This is only somewhat true. Each bitcoin transaction is essentially a list of the payments that provided the spender with the bitcoins they are currently spending. Thus, the system is not a pure ledger.

For instance if I receive 5 bitcoins in transaction 1, 1 bitoin in transaction 2 and 10 bitcoins in transaction 3 and later spend 6 bitcoins the block-chain will specify whether my expenditure used the bitcoins I received in transaction 1 and 2 or those in transaction 3. Thus, it isn't a pure ledger system.

However, transactions can have multiple outputs (that's how one spends only part of a large payment you send what you want to spend to the other party and send the change to yourself) and multiple inputs. Thus every time multiple small payments are merged into a large transaction and later split up again there is no fact about which of the resulting bitcoins came from which of the original payments.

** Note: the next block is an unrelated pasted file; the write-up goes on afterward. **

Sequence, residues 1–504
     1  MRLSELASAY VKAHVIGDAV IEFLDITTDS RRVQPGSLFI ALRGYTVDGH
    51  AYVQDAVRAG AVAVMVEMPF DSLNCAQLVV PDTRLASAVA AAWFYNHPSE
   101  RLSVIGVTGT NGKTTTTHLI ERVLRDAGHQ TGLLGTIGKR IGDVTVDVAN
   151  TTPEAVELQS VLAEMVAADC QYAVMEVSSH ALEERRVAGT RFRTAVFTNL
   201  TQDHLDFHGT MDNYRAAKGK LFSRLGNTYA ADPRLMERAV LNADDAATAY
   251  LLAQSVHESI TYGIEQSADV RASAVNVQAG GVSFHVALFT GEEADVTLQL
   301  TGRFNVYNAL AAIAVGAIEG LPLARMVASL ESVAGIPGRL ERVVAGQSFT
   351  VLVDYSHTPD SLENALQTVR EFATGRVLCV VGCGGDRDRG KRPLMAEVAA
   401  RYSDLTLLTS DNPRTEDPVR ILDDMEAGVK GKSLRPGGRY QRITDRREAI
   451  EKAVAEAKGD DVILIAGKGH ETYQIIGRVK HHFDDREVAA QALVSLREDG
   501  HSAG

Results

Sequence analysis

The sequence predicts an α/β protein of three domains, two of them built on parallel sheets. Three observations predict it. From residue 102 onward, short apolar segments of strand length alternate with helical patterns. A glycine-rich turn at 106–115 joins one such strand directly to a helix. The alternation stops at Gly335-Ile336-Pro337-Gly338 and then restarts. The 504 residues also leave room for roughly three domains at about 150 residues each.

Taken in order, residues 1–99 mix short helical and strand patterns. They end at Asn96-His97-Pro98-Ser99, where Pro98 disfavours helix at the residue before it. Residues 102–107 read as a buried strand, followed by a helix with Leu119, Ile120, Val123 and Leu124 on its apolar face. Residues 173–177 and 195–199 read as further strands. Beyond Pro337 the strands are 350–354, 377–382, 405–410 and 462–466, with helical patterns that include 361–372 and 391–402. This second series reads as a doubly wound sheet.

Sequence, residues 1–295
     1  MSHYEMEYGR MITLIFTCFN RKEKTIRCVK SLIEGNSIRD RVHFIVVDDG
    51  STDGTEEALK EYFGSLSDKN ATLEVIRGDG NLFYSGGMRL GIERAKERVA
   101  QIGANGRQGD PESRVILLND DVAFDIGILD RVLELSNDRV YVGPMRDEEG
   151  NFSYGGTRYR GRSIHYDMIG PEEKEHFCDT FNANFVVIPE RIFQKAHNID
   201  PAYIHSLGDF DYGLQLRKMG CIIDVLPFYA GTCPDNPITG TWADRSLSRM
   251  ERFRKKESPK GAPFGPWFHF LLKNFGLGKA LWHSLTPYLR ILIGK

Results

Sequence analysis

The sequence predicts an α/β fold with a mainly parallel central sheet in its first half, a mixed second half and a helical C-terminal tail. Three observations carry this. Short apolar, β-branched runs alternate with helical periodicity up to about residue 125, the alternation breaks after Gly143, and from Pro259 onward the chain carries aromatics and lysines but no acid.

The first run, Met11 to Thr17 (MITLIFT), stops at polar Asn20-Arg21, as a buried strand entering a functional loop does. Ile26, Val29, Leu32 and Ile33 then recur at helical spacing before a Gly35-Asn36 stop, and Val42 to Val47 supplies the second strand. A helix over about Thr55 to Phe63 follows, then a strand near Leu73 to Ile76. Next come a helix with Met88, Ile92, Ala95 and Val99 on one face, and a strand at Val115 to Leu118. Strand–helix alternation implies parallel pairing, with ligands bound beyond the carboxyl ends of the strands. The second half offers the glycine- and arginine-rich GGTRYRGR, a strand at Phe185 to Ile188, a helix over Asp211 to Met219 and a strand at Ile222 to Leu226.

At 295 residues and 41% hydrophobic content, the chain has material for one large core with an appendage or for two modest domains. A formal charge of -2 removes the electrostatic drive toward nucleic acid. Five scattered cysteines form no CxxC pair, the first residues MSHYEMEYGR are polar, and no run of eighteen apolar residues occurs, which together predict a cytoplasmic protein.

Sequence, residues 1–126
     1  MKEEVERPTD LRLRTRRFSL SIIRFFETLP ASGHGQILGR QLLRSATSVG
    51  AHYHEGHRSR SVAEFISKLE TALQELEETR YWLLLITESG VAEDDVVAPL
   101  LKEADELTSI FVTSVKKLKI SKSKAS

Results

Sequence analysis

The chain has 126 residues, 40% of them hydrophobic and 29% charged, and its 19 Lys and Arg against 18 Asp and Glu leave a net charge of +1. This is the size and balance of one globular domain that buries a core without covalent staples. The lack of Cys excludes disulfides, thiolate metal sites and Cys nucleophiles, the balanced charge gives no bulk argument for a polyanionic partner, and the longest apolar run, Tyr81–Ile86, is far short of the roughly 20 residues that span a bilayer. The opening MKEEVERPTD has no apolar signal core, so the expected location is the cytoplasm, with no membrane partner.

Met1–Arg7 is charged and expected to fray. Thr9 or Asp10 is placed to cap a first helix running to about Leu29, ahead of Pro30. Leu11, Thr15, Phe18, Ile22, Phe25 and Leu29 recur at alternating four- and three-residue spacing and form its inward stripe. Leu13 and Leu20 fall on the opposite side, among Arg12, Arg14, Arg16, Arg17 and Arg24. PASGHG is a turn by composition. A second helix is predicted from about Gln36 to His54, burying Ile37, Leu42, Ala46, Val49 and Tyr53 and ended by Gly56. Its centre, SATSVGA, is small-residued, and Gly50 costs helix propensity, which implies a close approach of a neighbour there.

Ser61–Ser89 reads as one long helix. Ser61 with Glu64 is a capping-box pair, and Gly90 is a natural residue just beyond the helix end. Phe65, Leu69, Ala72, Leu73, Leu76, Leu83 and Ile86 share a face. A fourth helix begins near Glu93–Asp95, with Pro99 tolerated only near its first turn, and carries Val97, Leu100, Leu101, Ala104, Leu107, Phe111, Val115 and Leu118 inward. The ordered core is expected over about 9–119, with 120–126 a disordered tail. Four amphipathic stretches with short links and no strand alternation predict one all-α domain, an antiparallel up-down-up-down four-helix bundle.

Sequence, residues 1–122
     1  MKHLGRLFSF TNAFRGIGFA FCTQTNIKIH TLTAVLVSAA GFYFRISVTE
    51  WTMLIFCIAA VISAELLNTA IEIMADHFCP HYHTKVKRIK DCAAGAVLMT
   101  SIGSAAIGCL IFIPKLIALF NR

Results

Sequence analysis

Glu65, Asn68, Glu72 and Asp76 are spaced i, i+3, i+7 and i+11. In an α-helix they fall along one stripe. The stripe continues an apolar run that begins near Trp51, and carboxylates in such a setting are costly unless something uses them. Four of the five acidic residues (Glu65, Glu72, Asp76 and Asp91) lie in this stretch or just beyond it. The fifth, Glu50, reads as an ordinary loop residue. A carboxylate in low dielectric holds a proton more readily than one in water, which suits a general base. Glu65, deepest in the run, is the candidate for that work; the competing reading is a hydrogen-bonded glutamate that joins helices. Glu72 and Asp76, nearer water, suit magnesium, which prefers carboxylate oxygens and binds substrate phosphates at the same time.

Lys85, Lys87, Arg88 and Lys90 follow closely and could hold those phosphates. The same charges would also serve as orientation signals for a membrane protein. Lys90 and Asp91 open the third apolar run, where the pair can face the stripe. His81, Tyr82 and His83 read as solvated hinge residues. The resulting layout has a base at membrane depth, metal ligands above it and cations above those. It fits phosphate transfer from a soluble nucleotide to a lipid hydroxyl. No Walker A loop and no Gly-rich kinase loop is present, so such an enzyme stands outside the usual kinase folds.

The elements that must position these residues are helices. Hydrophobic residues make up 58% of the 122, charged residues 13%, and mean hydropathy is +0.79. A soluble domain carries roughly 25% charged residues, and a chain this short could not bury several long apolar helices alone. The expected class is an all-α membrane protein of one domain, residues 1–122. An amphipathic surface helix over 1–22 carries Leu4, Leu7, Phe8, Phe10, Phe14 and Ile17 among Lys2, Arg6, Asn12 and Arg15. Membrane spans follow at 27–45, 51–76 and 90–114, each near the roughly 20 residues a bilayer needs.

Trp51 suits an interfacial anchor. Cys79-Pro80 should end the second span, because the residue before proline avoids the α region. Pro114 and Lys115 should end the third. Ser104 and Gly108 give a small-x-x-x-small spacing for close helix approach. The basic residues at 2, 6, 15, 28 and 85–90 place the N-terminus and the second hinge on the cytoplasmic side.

Practically speaking this probably means that traditional bitcoin wallets probably quickly eliminate the ability to track bitcoins back after a small number of transactions.

Ironically, however, attempts to increase the privacy of bitcoin transactions try to avoid merging multiple payments as much as possible. This kind of behavior might make bitcoins traceable even after they pass through a great many hands.

In recent memory was a 194,933 BTC (~$147 million at the time) transfer through Bitstamp in late 2013.

Then there was this 550,000 BTC transfer in late 2011 – I remember when this happened, people in the IRC channels were divided over whether it was Russians or the CIA. . Prevailing price was about $2/BTC, so that was a little more than a million. In retrospect it was probably Mt. Gox creatively embezzling funds.

Only a few weeks ago the largest Bitcoin bet (1,000 BTC) resolved – Romanian Bitcoin baron, last minute savior of OpenBSD, self-styled “young Lenin,” and SEC troll Mircea Popescu lost his proposition that “proposition that Bitcoin would outperform Warren Buffett's Berkshire Hathaway class A stock.”

Not exactly the kinds of large private transactions that might convince a skeptic that Bitcoin will be a big deal…